WWII and the 442nd; Hosokawa's Nisei

This past weekend the Seattle Times had an article about how the Iraqi-bound 34th Division honored Japanese-American members of the 442nd Regimental Combat Team. The 442nd was a Japanese-American unit of the US Army during WWII which highly decorated, while many of the soldiers had families in internment camps at the time.

The present day meeting between the two groups sounded very touching, and the Times reports that happened by chance:

Vietnam veteran Ted Yorita, a former Marine, had been at Fort Lewis for a gathering of color guards when he took a break at the local burger joint. A few tables away, something familiar caught his eye.

It was a patch he knew well, on the shoulders of several lunching 34th Division soldiers. Yorita, a member of the Nisei Veterans Committee, had to ask: Had they heard of the 442nd?

Which, it turned out, was like asking if these guys had heard of their own uncles.

Every now and then I hear WWII-era stories from my family, but I don't yet have a full picture of what happened. I know that my mom's family was first sent to the Santa Anita racetrack and then to Jerome, Arkansas. After that is a bit sketchier for me, but I think they ended up in Illinois where they met Frank and Ada Emerson who were extremely kind to them and would become long-time family friends.

I'm less sure about my dad's family, other than they left the strawberry farm. I know my dad and his brother Easy were in the Army, but I'm not sure about their older brother Mas. It's also not clear to me what they did in the Army, but my dad's told me some stories about what sounded like clerking.

Sounds like I have lots of places I need to fill in family history.

My late uncle Joe Kadowaki was in the 442nd, and among other citations earned a Bronze Star. On his Discover Nikkei page, he says:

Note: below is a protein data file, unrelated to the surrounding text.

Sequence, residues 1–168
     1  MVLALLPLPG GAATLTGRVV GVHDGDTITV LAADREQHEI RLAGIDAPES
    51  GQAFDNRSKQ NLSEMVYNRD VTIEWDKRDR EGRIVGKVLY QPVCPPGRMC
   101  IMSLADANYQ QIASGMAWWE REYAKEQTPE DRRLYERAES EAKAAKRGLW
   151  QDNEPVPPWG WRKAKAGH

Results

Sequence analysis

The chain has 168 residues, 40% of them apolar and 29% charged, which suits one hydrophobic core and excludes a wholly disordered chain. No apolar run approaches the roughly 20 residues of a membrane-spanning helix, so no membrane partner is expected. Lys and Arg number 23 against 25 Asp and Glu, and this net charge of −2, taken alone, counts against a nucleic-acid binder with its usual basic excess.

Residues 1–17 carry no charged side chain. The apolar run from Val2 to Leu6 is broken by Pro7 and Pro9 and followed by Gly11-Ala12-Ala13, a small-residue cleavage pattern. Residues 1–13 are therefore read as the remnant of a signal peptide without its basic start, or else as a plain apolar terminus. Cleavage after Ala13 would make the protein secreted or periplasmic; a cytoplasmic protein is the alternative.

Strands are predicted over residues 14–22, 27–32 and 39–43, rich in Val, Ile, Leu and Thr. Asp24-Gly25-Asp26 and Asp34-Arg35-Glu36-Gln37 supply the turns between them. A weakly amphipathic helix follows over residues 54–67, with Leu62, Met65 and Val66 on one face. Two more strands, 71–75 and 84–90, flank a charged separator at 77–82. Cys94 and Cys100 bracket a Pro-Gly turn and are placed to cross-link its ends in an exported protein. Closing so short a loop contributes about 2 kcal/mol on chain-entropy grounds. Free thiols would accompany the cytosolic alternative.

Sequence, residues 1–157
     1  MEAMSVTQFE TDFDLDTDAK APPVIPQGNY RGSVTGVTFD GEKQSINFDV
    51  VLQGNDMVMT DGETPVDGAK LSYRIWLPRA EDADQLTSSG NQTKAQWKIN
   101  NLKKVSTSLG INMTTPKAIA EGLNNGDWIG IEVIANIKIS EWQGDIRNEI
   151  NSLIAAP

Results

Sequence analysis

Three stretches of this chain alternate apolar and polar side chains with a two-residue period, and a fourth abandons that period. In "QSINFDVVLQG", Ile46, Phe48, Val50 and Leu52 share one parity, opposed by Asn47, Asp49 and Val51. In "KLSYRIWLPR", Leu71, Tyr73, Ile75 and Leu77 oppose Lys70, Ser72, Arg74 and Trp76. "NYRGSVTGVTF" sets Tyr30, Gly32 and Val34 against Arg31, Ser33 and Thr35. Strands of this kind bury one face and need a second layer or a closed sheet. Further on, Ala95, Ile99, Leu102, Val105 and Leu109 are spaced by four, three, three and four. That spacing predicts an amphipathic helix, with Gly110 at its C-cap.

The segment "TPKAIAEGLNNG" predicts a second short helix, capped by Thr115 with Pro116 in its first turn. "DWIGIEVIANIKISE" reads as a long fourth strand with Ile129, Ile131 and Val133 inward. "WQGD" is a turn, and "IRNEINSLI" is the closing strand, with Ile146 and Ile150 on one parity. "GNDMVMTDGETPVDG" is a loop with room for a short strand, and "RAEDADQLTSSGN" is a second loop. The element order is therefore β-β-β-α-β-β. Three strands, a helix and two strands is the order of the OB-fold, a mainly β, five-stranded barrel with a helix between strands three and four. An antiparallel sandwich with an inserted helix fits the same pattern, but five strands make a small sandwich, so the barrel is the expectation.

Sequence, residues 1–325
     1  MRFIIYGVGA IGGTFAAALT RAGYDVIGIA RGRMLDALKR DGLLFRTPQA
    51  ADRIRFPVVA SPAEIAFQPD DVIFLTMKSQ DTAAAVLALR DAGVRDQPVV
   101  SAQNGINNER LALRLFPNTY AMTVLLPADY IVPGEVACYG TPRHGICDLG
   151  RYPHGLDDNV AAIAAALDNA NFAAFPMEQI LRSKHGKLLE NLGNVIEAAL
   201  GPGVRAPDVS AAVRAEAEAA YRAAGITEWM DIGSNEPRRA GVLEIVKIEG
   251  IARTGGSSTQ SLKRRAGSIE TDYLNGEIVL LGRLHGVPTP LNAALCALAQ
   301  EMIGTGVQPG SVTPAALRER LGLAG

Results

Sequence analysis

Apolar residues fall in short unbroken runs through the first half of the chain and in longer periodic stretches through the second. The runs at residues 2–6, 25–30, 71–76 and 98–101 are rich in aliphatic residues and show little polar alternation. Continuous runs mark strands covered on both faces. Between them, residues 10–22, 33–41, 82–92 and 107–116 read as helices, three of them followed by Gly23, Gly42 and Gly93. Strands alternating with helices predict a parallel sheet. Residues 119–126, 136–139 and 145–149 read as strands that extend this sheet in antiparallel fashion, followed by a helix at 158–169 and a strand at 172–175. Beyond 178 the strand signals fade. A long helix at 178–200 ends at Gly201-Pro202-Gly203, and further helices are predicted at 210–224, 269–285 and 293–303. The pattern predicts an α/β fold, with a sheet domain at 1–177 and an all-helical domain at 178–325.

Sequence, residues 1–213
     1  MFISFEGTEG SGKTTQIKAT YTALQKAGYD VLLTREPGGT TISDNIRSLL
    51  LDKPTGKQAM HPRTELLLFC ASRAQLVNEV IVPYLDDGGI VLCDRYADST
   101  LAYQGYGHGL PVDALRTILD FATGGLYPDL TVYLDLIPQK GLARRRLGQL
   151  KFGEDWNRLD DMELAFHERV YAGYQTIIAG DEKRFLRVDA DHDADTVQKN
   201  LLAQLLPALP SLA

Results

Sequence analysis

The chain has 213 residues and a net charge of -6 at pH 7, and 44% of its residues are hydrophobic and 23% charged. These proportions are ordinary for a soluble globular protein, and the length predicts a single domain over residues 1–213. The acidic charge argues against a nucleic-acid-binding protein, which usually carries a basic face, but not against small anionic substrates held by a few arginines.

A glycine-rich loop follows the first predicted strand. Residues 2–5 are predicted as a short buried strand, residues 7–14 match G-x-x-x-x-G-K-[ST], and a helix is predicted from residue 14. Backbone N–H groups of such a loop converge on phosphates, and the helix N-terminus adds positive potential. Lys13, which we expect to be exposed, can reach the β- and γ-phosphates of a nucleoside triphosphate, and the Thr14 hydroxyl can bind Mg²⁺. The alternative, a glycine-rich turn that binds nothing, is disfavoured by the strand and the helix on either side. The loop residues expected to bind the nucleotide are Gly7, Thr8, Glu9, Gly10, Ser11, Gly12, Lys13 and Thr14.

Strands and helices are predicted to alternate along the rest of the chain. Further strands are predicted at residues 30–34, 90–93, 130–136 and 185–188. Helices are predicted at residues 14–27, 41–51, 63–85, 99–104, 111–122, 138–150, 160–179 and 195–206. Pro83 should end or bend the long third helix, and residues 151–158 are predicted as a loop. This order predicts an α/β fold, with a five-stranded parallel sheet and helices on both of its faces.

At war's end in Italy, after leaving the 442nd in Italy and returning to USA, and the first day on the train to visit my wife and child before reporting for further duty to military intelligence unit and proceeding to the Pacific War, 2 white recruits struck me from behind and said, 'You dirty Jap, hiding behind our uniform.' I was crushed more spiritually than physically.

My first thought was 'Am I coming back to the same hostile atmosphere I faced in California shortly after Pearl Harbor?'

After he left the Army, he and his family finally settled in Ohio where he felt accepted as an equal.

After it had been sitting on my bookshelf for decades, last year I finally got around to reading Bill Hosokawa's Nisei: The Quiet Americans which centers around my dad's generation (my mom is Sansei; her parents were Nisei). Some people call the writing somewhat dry, and while I agree that some parts greatly reflect Hosokawa's journalism background, other parts really came to life and I found reading the book a very moving experience. He goes deeply into life both in the internment camps and at the war's front lines, as well as following specific people from before through after.

I've seen copies of this book on many people's shelves. I'm pretty sure many have gone unread, yet I get the feeling that people trusted Hosokawa's narrative abilities to have bought the book as a way to say "This is what we went through". It's almost as if Nisei were a symbol of solidarity to many Nisei and Sansei. I think it's an important read for people of my generation and younger because it sets up a framework for lots of the stories we hear about "Camp" and life immediately after.